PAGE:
The coming year is likely to present challenges; these trials are when your true character will show. Trusted friends can provide assistance in particularly pressing situations. Make use of the skills you have to compensate for ones you lack. Your reputation in the future depends on your honesty and integrity this year. Monetary investments will prove risky; inform yourself as much as possible. On the positive side, your chances of winning the lottery have never been greater!

(From Tim Harrod. Arf!)

Monday, January 01, 2007

Books read in 2006

In case you hadn't noticed, I also write a book blog and I've just completed my 2006 round-up. I read exactly 100 books last year, and here's the evidence. What a sad case I am.

Flaubert’s Parrot

Julian Barnes

The Silent Traveller in London

Chiang Yee

The Pickwick papers

Charles Dickens


To The Lighthouse

Virginia Woolf

A Study in Scarlet

Arthur Conan Doyle

The Bridge of San Luis Rey

Thornton Wilder

Midnight’s Children

Salman Rushdie

Rabbit, Run

John Updike

A Wizard of Earthsea

Ursula K LeGuin

The Moviegoer

Walker Percy


Steven D. Levitt & Stephen J. Dubner

The Da Vinci Code

Dan Brown

The Final Solution

Michael Chabon

Vertigo (BFI Film Classics)

Charles Barr

1001 Albums You Must Listen to Before You Die

Robert Dimery (Ed.)

Das Cabinet des Dr. Caligari (BFI Film Classics)

David Robinson

Bride of Frankenstein (BFI Film Classics)

Alberto Manguel

Maus – A Survivor’s Tale

Art Speigelman


Philip K. Dick

The Big Sleep (BFI Film Classics)

David Thomson

The Swimming-Pool Library

Alan Hollinghurst

Ender’s Game

Orson Scott Card

Pulp Fiction (BFI Film Classics)

Dana Spolan

Vernon God Little

DBC Pierre

Chinatown (BFI Film Classics)

Michael Eaton

A Year With Verona

Tim Parks

First Abolish the Customer

Bob Ellis

Little Dorrit

Charles Dickens

Invasion of the Body Snatchers

Jack Finney

Zofloya, The Moor

Charlotte Dacre

George Melies, Father of Film Fantasy

David Robinson


Ian McEwan

The Code of the Woosters

P.G. Wodehouse

Right Ho, Jeeves

P.G. Wodehouse

Port Out Starboard Home

Michael Quinion


Don DeLillo

The Castle of Otranto

Horace Walpole

Losing It – The Inside Story of the Labor Party in Opposition

Annabel Crabb

Play It As It Lays

Joan Didion

Aberystwyth Mon Amour

Malcolm Pryce

Wrong About Japan

Peter Carey

The Life and Death of Colonel Blimp (BFI Film Classics)

A.L. Kennedy

Film Noir

Alain Silver and James Ursini

Paradise Lost

John Milton

Ivan The Terrible (BFI Film Classics)

Ivan Tsivian

The Grapes of Wrath

John Steinbeck

Jane Eyre

Charlotte Bronte


John Dos Passos

Wide Sargasso Sea

Jean Rhys

Lady Sings The Blues

Billie Holiday with William Duffy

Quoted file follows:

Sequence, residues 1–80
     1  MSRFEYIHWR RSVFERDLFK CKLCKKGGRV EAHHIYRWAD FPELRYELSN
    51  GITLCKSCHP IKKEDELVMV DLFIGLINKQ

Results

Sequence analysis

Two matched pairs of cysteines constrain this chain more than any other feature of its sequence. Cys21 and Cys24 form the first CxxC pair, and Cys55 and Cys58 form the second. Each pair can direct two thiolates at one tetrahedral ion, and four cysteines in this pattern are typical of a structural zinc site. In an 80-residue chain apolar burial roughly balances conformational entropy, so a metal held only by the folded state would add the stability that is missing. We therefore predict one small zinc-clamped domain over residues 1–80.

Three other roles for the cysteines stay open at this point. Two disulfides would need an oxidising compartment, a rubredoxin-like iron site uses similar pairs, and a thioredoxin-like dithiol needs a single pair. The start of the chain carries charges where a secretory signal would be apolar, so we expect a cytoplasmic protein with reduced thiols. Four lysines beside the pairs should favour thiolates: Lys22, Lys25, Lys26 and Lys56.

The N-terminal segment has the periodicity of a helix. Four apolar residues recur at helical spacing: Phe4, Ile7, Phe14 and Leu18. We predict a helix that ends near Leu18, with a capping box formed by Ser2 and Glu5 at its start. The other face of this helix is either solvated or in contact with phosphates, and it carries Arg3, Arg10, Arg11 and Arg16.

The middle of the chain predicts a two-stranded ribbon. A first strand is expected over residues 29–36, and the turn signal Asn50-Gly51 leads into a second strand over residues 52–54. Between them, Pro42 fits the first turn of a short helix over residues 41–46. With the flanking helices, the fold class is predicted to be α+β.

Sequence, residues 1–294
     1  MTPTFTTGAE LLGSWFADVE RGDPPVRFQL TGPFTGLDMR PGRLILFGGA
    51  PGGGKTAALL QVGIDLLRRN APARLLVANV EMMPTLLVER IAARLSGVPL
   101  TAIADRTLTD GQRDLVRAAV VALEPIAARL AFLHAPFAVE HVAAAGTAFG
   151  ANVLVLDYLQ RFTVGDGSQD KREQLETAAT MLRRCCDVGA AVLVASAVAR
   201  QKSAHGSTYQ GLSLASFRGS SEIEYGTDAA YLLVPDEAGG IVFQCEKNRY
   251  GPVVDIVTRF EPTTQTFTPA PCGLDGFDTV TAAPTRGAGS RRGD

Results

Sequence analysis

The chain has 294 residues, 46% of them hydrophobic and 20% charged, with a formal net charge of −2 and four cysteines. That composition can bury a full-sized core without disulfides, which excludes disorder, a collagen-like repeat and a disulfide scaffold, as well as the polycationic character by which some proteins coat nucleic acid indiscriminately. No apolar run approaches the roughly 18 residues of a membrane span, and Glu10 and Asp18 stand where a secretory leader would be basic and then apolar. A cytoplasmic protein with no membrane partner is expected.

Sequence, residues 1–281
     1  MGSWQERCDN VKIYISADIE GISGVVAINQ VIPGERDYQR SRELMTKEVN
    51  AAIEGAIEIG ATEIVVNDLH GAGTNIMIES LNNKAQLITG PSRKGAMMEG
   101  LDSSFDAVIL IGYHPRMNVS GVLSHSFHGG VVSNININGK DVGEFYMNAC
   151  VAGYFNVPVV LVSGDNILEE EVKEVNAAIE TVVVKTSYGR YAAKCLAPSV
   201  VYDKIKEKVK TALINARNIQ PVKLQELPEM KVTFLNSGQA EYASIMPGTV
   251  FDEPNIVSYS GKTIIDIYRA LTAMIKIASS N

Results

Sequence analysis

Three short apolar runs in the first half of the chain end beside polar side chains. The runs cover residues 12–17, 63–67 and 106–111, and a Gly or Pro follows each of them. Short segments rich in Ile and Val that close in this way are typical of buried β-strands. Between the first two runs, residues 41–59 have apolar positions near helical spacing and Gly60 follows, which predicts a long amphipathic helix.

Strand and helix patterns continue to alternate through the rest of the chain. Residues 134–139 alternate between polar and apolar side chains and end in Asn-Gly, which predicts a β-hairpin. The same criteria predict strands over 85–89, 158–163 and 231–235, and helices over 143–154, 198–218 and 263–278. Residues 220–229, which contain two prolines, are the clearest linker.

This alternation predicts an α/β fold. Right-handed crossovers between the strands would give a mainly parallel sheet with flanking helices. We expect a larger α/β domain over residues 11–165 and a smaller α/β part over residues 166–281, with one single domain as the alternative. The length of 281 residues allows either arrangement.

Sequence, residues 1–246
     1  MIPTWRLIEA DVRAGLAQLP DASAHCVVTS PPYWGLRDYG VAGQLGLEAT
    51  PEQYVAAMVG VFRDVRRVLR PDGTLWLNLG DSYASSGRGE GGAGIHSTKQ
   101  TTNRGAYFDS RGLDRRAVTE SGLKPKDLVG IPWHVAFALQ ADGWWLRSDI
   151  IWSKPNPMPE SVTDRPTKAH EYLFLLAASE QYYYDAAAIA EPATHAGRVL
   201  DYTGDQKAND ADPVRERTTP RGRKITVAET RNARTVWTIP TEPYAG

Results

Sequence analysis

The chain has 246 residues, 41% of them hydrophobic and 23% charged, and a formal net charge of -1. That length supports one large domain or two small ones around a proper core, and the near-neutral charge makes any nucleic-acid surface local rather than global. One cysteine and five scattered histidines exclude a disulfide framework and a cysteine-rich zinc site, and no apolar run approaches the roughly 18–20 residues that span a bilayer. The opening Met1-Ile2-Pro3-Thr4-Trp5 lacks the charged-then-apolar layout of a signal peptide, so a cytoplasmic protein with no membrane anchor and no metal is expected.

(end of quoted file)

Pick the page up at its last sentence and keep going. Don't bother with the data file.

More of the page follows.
Day of the Locust

Nathaniel West

Asterix the Gaul

Goscinny and Uderzo

Mapp and Lucia

E.F. Benson

Venus in Furs

Leopold von Sacher-Masoch


J.M. Coetzee


William Beckford

The Time Machine

H.G. Wells

A Confederacy of Dunces

John Kennedy Toole

The Essential Calvin and Hobbes

Bill Watterson

Do Androids Dream of Electric Sheep?

Philip K. Dick

Cold Comfort Farm

Stella Gibbons

The Outsider

Albert Camus

London Orbital

Iain Sinclair

Notes from Underground

Fyodor Dostoyevsky

The Eyre Affair

Jasper Fforde

The Last Party – Britpop, Blair and the Demise of English Rock

John Harris

31 Songs

Nick Hornby

Running Wild

J.G. Ballard

Jonathan Strange and Mr Norrell

Susanna Clarke

The Lost Decade and other stories

F. Scott Fitzgerald

The Adventures of Caleb Williams, or Things As They Are

William Godwin

The Accidental Woman

Jonathan Coe

The Long Tail

Chris Anderson

Monsieur Monde Vanishes

Georges Simenon

The Painted Bird

Jerzy Kosinski

The Uxbridge English Dictionary

John Naismith et al

The Clerkenwell Tales

Peter Ackroyd

God Bless You, Mr Rosewater

Kurt Vonnegut

Words and Music – A History of Pop in the Shape of a City

Paul Morley

Vile Bodies

Evelyn Waugh

The Silent Traveller in Oxford

Chiang Yee

Apocalypse Movies

Kim Newman

The Conformist

Alberto Moravia

A Christmas Carol

Charles Dickens

Decline and Fall

Evelyn Waugh

The Eye

George Bataille (aka Lord Auch)

Riders of the Purple Sage

Zane Grey

The Floating Brothel

Sian Rees

The Man Who Was Thursday

G.K. Chesterton

Aesop’s Fables


The Loved One

Evelyn Waugh

Elizabeth Costello

J.M. Coetzee

A Room With A View

E.M. Forster

The Nun

Denis Diderot

I Married A Communist

Philip Roth

Slow Man

J.M. Coetzee

Where Angels Fear To Tread

E.M. Forster


Franz Kafka

Happy New Year and all that

OK, that's Christmas and New Year out of the way so I'm back to blogging. G'day all.

Christmas was fun. We hosted for my Mum, M's parents, sisters and sundry hangers-on, a total of 10 adults and 3 kids. Much to my relief things went without a hitch, thanks largely to everybody chipping in with contributions in the form of pavlovas and suchlike. The highlight was the entire mob decamping to the swimming pool at the end of the road for an afternoon dip. Christmas in Australia, eh?

New Year was spent with Nick, Lou and various other chancers at a dodgy old bierkeller in the Rocks. The mood was drunken and unselfconscious with an oompah ban leading us in renditions of The Birdy Song and The Banana Boat Song to much hilarity. It was also a chance to catch up with old mates, in particular Chico and the long-lost Beverly Dale. The fireworks were as amazing as you've heard, but felt almost incidental at the time.